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The Mountaineer Online



Fort Drum officials: ‘Recognize, Retreat, Report’ if UXO spotted on post


The 754th Explosive Ordnance Disposal Company at Fort Drum provided this photo of a tail-fin mortar round in a natural environment as it might be found on the installation. (Courtesy photo)
The 754th Explosive Ordnance Disposal Company at Fort Drum provided this photo of a tail-fin mortar round in a natural environment as it might be found on the installation. (Courtesy photo)

Steve Ghiringhelli

Staff Writer

With spring around the corner, Fort Drum safety officials and explosives experts took time this week to encourage community members to be vigilant in the unlikely event that they encounter unexploded ordnance (UXO) on post.
“Of course, the impact areas on Fort Drum ranges are the (most likely) places for UXOs,” said Joseph Semones, garrison safety director. “But if a Family Member – especially a child – happened to come across something that they have never seen before, they should not touch it. Call 911.”
Officials with the Command Safety Office said even though unsecured munitions do not frequently present a problem at Fort Drum, community members should still bear in mind the “Three Rs” of unexploded ordnance – “Recognize, Retreat and Report.”
Recognizing the situation means first realizing an unidentified object could be dangerous.
Retreating involves leaving the object undisturbed and carefully retracing one’s steps out of the area.
Reporting requires immediately notifying authorities and describing as much as possible regarding the environment and location that the UXO was discovered.
“That’s the main takeaway here,” said Bill Bellis, Fort Drum’s Occupational Safety and Health Administration compliance manager. “It is about situational awareness and knowing what to do if you think you have encountered unexploded ordnance.”

‘Souvenirs’
Officials said the most likely scenario of a Family Member being exposed to UXO at Fort Drum would involve the uncommon occurrence of a parent bringing home a “dud” from training or deployment as a souvenir or war trophy.
But Capt. Timothy Dwyer, commander of 754th Explosive Ordnance Disposal Company, 63rd Ordnance Battalion, 10th Sustainment Brigade, said there is no such thing as a dud.
He warned Soldiers that unidentified pieces of ordnance can detonate at any moment – even in the hands of experienced EOD professionals.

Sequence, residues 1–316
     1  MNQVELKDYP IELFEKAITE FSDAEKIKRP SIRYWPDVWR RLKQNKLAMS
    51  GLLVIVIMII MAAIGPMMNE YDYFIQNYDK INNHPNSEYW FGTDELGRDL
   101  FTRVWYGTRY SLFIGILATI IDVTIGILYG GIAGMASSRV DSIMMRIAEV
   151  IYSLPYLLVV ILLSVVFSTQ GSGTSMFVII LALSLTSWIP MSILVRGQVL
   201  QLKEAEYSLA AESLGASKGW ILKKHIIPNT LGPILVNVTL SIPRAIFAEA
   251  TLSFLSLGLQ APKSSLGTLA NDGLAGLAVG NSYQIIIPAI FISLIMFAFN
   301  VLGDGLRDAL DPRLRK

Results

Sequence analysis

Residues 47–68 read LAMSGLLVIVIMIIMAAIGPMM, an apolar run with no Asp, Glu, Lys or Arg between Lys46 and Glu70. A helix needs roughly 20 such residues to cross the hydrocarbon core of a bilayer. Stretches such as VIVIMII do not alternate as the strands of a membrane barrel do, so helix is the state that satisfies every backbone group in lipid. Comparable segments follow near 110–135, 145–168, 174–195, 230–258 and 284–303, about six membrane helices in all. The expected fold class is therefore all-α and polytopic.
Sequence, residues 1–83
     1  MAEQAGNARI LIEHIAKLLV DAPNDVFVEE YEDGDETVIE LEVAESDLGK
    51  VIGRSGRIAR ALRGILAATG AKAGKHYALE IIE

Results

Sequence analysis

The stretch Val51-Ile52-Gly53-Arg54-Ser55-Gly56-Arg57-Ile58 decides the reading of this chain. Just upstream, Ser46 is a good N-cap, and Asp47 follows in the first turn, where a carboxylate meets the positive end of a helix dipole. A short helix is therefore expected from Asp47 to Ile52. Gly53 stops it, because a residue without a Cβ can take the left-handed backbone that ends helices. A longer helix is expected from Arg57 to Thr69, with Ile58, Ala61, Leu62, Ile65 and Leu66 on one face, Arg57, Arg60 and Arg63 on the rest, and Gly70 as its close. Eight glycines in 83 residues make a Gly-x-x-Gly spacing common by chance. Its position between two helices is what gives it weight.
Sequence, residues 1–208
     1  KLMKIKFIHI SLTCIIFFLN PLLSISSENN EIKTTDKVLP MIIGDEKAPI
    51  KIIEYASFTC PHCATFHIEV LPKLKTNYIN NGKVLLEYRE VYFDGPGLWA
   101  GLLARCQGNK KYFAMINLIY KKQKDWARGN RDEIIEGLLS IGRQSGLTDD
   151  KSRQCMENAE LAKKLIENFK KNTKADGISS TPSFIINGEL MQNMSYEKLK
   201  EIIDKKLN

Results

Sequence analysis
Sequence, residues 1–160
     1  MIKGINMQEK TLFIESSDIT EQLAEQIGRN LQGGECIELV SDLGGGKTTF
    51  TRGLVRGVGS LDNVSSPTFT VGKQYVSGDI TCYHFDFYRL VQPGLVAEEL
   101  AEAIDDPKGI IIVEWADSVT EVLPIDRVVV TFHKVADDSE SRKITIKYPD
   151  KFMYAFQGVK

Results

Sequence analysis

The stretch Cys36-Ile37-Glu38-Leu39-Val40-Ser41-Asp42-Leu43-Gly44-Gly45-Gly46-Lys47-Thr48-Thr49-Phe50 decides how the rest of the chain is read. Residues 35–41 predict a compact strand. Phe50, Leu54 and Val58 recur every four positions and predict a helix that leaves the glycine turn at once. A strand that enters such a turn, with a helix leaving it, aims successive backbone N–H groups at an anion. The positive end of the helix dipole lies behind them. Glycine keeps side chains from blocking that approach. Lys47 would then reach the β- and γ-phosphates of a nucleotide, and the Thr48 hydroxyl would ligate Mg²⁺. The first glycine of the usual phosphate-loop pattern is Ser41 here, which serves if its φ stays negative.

“A common misconception is that a UXO is a ‘dud.’ If people identify a piece of ordnance as a ‘dud,’ they feel it is safe enough to pick up and bring home as a souvenir,” Dwyer said. “The problem is that for the average Soldier, it is not possible to accurately determine the state of the fuse. It essentially remains in its current state until an outside force acts upon it.
“That’s why all UXOs must be treated as armed munitions waiting for the proper outside force to detonate them,” he added.
Semones said Soldiers who make the mistake of bringing munitions into their home should seriously consider doing the responsible thing: Turn over any keepsake that could place their Family in danger.
Dwyer pointed out that an amnesty program at Fort Drum makes it easy for Soldiers on post to turn in munitions – no questions asked. (See below.)
“The penalties for possessing UXO only come when you get caught with it,” Bellis noted.

Curious kids
In addition to turning up in a home, UXO can appear anywhere on a military installation, which is why parents need to clearly communicate and educate their children on the potential hazards.
For one thing, officials said Family Members should always keep out of restricted areas such as ranges or other locations marked with warning signs.
And because children are naturally curious, caution should be especially exercised among teens who love playing outdoors, making forts in the woods or exploring their surroundings.
During the springtime thaw, a piece of buried ordnance could conceivably get pushed to the surface, Semones said.
As a part of the safety office’s campaign to raise awareness of the potential for UXO, Bellis said several resources are available to the community, including downloadable coloring books for kids titled “Sergeant Woof” in which a dog walks children through the “Three Rs.”
Community members interested in learning more may visit www.denix.osd.mil/uxo/. For children’s resources, click on the link “Just for Kids” in the bottom right corner of the homepage.
“Families need to educate their children in how to recognize (potentially dangerous) situations,” Semones said. “With a little vigilance, and keeping in mind the three Rs, Fort Drum will continue to be a safe community.”
For more information regarding Fort Drum’s amnesty program, call the Ammunition Supply Point at 772-5596 during normal duty hours. Ammunition must be tran-sported to the ASP in a military vehicle.
If UXO is discovered on post after duty hours, contact the Mountain Operations Center at 772-6324 or 772-8620. If on a range, contact Range Control at 772-7152.
To contact the Fort Drum Command Safety Office with any questions, call 772-0522.





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